bullet Liberation: Assessing the morality of all sexual behavior -- same sex or opposite sex -- is to be primarily based on its ability to generate joy, love and emotional growth. Lesbians, gays, bisexuals, and their supporters have a special role to liberate society and the church sexually. The Bible's six "clobber passages" as they are traditionally translated into English and interpreted by conservative theologians, do not reflect the will of God.

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More information is available in other parts of this web site:

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Statements by various faith groups:

Christians outnumber the membership of each of the smaller organized religious groups in North America by a factor of about 50. Thus, the relationship between homosexuality and religion in the U.S. and Canada is almost entirely the relationship between homosexuality and Christianity.

According to the ARIS study of 2001, about 75% of American adults identify themselves as Christian. The next largest organized religions are Judaism at 1.3% and Islam at 0.5%.

Within each major religion, there are conservative, mainline and liberal faith groups. For example, within Christianity:

bullet Religiously liberal groups, like the United Church of Christ, and the United Church of Canada have resolved the "homosexual issue."  The denominations promote equal rights for gays and lesbians; they welcome homosexuals as members and ordain them as clergy.

bullet Mainline denominations, like the Presbyterian Church (USA) and the United Methodist Church are experiencing major internal conflicts over the issue. Disagreements are deep and appear irresolvable, at least in the short term. There is a great deal of impassioned debate and little true dialog. Fault lines within the denominations may appear on many levels:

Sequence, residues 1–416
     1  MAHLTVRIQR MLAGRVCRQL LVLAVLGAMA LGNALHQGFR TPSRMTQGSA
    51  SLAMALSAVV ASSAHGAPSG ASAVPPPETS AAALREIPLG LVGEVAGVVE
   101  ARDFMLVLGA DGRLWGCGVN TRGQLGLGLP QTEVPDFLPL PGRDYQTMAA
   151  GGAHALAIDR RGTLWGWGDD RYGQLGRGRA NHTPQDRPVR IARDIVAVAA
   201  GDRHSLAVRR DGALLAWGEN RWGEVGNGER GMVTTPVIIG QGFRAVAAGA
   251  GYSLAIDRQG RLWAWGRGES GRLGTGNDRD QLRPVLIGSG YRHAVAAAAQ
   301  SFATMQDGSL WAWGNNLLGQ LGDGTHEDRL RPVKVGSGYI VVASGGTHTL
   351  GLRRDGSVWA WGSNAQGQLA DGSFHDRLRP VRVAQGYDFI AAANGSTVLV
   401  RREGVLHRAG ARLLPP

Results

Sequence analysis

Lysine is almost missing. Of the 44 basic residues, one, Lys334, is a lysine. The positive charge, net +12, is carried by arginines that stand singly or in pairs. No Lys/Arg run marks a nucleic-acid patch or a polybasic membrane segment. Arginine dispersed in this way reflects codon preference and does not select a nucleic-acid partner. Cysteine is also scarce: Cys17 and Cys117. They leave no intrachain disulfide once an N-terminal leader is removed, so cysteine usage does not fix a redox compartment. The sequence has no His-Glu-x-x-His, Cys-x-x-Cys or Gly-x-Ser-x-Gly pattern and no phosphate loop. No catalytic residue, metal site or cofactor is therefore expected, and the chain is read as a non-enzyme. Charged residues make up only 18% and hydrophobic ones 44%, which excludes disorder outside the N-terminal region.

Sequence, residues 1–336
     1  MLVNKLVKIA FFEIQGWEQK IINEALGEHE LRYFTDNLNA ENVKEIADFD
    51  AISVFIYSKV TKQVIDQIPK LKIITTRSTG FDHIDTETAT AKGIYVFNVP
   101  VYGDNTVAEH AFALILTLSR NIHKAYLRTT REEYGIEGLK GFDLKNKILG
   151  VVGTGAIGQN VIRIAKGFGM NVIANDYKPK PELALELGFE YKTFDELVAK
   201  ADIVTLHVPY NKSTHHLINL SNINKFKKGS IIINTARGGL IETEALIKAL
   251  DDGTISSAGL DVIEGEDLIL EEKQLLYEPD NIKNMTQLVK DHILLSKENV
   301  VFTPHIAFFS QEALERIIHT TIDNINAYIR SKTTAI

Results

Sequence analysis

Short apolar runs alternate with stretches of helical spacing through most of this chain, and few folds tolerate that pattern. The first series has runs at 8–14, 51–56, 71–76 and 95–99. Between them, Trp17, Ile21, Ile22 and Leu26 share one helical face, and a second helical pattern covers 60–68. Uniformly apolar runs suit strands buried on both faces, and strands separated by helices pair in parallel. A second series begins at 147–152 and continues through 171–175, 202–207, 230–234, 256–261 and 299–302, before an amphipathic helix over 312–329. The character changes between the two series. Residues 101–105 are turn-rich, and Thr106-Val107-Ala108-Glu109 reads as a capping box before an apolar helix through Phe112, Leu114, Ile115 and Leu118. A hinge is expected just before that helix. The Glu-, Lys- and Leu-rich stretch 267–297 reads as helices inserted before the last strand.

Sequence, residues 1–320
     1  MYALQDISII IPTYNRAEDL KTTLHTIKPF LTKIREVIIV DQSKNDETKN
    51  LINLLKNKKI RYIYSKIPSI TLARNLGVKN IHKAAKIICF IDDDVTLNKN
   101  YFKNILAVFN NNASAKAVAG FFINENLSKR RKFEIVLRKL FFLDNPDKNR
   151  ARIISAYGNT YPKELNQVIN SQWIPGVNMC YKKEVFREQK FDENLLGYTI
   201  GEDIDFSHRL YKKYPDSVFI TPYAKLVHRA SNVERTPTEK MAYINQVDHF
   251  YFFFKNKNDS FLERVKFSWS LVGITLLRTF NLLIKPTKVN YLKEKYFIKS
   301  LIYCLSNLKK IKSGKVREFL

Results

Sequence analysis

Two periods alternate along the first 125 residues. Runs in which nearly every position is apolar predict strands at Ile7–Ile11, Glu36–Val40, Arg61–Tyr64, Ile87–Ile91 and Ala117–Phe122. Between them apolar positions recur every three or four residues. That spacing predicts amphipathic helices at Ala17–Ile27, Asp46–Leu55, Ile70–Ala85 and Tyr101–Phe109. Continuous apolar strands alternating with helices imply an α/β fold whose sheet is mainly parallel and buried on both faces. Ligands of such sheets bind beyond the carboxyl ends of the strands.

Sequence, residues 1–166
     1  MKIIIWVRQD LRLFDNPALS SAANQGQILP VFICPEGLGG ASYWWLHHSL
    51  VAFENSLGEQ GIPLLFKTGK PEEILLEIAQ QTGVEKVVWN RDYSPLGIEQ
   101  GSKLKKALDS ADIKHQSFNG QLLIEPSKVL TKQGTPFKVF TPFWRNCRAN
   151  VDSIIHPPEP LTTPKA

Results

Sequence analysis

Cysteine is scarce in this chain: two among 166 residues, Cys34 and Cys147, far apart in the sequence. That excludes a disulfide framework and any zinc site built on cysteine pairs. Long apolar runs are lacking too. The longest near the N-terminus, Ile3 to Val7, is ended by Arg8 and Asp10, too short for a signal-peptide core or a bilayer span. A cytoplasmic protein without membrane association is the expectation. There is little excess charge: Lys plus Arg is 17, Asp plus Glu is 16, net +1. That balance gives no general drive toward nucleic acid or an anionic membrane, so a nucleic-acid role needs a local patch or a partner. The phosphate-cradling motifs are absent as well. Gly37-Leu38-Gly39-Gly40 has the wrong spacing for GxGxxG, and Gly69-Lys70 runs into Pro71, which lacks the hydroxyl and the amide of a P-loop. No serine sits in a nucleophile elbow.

bullet Young people may take a more liberal view; older members are often more conservative.

bullet There are often geographical divisions, with north eastern groups being liberal and southern groups being conservative. 

bullet A liberal/conservative split is seen between urban and rural areas.

bullet There is a major division between those who look upon homosexuals as a group, and those who personally know a gay or lesbian as a close friend. The latter are far more accepting of sexual minorities.

bullet Religiously conservative groups, like the Southern Baptist Convention, the Assemblies of God, and other Fundamentalist and Evangelical Christian denominations, have also resolved the issue. Some commit significant effort to defeat hate-crimes legislation that would protect gays and lesbians in accommodation and employment, and promoting legislation that will prevent same-sex couples to enter into marriage or civil union. Some denominations regard homosexuality as a special type of sin. Some teach, on the basis of their interpretation of 1 Corinthians 6:9, that gays are prohibited from inheriting the Kingdom of God (heaven). They refuse membership and ordination to sexually active gays and lesbians. They have no expectation of changing their policy in the future.

Many gays and lesbians remain partially or completely in the "closet". They often view the church as the last place that they would want to "come out", because they would  expect to experience rejection and homophobia. This is a Catch 22 situation, because the most effective way of changing a heterosexual's beliefs about homosexuality is for them to befriend a homosexual. 

More information on the beliefs of individual Christian denominations, Jewish traditions, and other religions.

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Site navigation: Home > Conflict > Homosexuality > Religious impact > Teaching > here

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References used:

The following information sources were used to prepare and update the above essay. The hyperlink is not necessarily still valid today.

  1. L.R. Holben, "What Christians think about homosexuality: Six representative viewpoints," Bibal Press, (1999). Read reviews or order this book safely from Amazon.com online book store.

  2. There is no consensus on the total number of Muslims in the U.S. Estimates range from 0.5% to over 2%.

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Copyright © 2005 to 2017 by Ontario Consultants on Religious Tolerance
Originally posted: 2005-MAY-8
Latest update: 2017-JAN-23
Author: B.A. Robinson